People aged 12 – 30, who have been diagnosed with type 1 diabetes within the last 100 days, may be eligible to participate.
Where is the trial being conducted and how long will it last?
This is an Australian-based trial being undertaken over two years at three sites in Melbourne Australia: The Royal Melbourne Hospital, The Royal Children’s Hospital Melbourne and St Vincent’s Hospital Melbourne and at one site in Adelaide Australia – the Women’s and Children’s Hospital.
Why should I participate in this trial?
If the drug helps to preserve a participant’s ability to make insulin, participants may find it easier to control glucose levels and may be able to decrease their insulin doses. Participants will help to advance type 1 diabetes research and may also benefit from the additional monitoring of their diabetes provided by the trial and from close interaction with the research team.
What kind of things will the trial participant have to do?
Participants will be asked to provide details of their medical history and be examined by a trial doctor.
Blood samples will be collected to check for blood cell counts, liver and kidney function, blood glucose levels and other measurements such as immune system genes, called HLA, which play an important role in the development of type 1 diabetes.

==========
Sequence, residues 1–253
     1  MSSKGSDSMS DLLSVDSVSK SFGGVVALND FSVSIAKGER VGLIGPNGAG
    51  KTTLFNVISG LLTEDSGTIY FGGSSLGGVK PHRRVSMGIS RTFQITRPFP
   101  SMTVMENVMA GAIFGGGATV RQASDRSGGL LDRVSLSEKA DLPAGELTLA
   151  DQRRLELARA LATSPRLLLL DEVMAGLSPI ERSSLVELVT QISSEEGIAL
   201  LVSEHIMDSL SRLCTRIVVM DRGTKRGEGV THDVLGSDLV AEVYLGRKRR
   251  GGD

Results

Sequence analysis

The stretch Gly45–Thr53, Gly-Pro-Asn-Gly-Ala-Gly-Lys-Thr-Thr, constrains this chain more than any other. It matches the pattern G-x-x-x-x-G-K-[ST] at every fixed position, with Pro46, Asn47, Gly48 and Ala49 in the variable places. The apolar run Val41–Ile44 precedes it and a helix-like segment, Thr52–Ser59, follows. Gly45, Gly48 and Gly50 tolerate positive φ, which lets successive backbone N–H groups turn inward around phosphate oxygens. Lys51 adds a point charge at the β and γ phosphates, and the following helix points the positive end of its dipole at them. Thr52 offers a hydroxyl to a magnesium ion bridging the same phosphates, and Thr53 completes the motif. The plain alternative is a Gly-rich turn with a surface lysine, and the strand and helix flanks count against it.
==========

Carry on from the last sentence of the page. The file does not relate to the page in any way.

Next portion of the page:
During the trial, participants will be asked to undertake meal tests, and have a glucose monitor fitted at times.
In between the trial visits at the hospital, a member of the trial team will contact participants regularly by telephone to enquire about any concerns and to review participant treatment with insulin.
Is there a cost to participate in the BANDIT trial?
No; all medication, tests and medical care required as part of the research project will be provided free of charge. Participants will be reimbursed for any reasonable travel, parking, meals and other expenses associated with the research project visit.
How will the trial work?
There will be two groups in this trial – two thirds of the participants will be given baricitinib (a tablet) and one third of the participants will be given a placebo (a tablet). A placebo looks like the real drug but has no active ingredients. The main reason to have a placebo group is to be sure that any effects that happen are caused by the treatment and not by something else.
How will participant privacy be managed?
All identifying information will be kept confidential.
When the results of this trial are known, they will be made available to participants who ask for them.
Who is leading the BANDIT trial?
The BANDIT trial is being led by St Vincent’s Institute (SVI) in Melbourne Australia, with funding provided by JDRF.